Yoga is an ancient Indian philosophy that dates back thousands of years. It was designed as a path to spiritual enlightenment, but in modern times, the physical aspects of Hatha yoga have found huge popularity as a gentle form of exercise and stress management. There are many different varieties of yoga, but each one essentially relies on structured poses (asanas) practiced with breath awareness.
Yoga brings the body and mind together and is built on three main elements – exercise, breathing and meditation. Both yoga and Pilates improve muscular and postural strength.
The word yoga means ‘to join or yoke together’. It brings your body and mind together, and is built on three main elements – exercise, breathing and meditation.
The exercises of yoga are designed to put pressure on the glandular systems of your body, increasing your body’s efficiency and total health. Breathing techniques increase breath control to improve the health and function of body and mind.
The two systems of exercise and breathing prepare the body and mind for meditation, with an approach to a quiet mind that allows silence and healing from everyday stress. When practiced regularly, yoga can become a powerful and sophisticated discipline for achieving physical, mental and emotional wellbeing.
There are many different varieties of yoga, each with a slightly different slant. The most popular are Hatha, Bikram, Iyengar and Vinyasa yoga.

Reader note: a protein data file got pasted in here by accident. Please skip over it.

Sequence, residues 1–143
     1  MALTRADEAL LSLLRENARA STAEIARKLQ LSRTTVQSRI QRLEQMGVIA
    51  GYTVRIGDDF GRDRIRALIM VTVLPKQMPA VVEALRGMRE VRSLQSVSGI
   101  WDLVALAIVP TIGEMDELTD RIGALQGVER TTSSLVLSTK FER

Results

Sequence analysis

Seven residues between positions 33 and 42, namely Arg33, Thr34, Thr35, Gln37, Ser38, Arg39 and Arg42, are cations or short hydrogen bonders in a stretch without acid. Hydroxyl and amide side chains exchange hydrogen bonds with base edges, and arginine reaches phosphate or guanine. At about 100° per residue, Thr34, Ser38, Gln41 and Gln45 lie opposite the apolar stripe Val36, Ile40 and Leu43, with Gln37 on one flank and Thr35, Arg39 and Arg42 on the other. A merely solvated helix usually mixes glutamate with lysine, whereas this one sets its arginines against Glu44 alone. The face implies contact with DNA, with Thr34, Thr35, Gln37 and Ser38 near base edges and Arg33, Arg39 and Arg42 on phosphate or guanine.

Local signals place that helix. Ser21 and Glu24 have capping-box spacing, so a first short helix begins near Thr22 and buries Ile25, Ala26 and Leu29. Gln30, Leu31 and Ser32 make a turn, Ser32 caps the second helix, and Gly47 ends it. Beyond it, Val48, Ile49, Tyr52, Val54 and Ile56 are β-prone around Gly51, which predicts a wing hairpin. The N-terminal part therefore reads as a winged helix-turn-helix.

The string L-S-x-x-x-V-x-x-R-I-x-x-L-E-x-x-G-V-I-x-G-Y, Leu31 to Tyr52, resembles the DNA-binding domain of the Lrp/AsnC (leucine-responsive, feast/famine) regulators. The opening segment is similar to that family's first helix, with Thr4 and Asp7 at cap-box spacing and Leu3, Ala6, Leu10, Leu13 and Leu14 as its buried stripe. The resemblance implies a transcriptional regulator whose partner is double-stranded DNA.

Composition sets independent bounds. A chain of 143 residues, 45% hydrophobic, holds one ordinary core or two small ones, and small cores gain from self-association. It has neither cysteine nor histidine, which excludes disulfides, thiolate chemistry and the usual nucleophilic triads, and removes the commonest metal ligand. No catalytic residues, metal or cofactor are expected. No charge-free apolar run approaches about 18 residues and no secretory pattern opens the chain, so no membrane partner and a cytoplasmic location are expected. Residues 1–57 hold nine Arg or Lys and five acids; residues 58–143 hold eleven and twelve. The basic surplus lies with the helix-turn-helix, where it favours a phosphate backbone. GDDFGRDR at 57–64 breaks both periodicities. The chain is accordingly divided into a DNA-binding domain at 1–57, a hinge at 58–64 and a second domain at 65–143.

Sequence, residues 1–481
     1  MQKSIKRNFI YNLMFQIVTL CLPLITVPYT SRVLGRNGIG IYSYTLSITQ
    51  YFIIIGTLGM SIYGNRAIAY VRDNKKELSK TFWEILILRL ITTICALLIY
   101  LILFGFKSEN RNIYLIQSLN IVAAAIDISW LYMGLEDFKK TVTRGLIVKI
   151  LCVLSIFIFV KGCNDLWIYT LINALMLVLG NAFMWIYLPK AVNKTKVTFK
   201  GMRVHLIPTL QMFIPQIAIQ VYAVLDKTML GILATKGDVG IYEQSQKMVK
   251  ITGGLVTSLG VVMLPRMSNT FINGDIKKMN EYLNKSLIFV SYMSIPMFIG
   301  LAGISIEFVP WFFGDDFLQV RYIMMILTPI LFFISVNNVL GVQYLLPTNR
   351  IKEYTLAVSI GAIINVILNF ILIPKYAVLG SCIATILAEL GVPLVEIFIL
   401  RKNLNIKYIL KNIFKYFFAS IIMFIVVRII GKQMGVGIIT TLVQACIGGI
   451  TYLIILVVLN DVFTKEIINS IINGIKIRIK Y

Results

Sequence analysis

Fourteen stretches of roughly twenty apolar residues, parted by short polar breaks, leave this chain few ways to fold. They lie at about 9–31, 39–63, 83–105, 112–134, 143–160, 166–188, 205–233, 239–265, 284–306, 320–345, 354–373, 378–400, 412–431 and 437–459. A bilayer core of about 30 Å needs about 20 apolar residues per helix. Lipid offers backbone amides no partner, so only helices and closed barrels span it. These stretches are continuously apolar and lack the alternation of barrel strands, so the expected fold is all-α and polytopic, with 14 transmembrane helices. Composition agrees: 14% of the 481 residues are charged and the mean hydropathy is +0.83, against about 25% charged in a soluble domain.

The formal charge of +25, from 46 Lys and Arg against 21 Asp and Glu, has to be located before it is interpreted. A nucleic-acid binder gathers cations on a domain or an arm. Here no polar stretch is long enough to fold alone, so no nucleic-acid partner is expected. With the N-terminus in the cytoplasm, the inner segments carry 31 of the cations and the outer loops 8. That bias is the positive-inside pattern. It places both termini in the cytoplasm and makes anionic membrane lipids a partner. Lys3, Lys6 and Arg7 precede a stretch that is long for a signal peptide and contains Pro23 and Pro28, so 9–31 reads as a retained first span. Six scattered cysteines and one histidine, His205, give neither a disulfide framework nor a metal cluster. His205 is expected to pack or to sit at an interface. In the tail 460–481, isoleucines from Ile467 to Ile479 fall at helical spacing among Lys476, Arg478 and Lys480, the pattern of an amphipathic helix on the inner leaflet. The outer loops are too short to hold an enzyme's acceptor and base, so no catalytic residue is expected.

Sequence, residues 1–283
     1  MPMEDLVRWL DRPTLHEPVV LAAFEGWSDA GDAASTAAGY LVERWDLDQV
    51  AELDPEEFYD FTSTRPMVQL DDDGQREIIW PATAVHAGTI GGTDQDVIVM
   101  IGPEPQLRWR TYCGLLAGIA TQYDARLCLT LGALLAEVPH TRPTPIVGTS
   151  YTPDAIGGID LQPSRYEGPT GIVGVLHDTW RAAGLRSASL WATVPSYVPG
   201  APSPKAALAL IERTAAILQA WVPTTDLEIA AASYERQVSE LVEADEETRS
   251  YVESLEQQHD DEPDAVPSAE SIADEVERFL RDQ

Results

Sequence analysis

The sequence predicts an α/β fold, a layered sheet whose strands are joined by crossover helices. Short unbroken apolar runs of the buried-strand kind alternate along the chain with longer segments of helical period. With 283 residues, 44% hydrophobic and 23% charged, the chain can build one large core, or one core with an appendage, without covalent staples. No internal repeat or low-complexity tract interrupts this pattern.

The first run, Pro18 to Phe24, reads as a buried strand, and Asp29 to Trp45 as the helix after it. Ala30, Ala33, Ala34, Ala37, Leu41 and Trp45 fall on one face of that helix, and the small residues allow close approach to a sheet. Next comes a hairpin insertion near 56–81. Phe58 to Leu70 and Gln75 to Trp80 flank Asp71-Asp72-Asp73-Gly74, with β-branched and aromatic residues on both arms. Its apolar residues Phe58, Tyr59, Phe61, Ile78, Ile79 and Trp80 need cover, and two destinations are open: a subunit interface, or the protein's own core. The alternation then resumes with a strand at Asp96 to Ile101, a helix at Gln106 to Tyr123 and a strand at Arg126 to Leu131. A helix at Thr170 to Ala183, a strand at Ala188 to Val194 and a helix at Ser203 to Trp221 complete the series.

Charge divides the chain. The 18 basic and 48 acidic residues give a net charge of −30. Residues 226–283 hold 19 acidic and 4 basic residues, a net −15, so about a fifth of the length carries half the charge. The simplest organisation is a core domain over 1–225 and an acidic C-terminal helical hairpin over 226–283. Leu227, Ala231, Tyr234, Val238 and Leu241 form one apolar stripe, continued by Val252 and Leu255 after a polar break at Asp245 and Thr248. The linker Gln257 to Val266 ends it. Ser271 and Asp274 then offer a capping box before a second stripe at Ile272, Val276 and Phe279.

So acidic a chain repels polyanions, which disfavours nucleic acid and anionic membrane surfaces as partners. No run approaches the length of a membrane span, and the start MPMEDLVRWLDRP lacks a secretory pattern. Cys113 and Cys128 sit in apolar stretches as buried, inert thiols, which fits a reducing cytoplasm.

Each yoga posture, or asana, is held for a period of time and linked with breathing. Generally, a yoga session begins with gentle asanas and works up to more vigorous or challenging postures. A full yoga session should exercise every part of your body and should include pranayama (breath control practices), relaxation and meditation.
The different postures or asanas include:
Yoga classes usually have 10 to 20 people, allowing for individual attention.
A common yoga class typically includes:
Meditation is usually an integral part of yoga and many yoga teachers may offer classes dedicated to the practice of meditation. Participants usually practise either on cushions on the floor, or seated on chairs. A dedicated meditation class typically includes:
Classes generally span 1 – 1½ hours.
develops strength and flexibility
soothes your nerves and calms your mind.
improves cardiovascular fitness and circulation.
speeds up the digestive system
encourages mobility and eases pressure on joints.
improved blood circulation
eases muscle tension
reduced stress, anxiety and fatigue
better concentration and energy levels.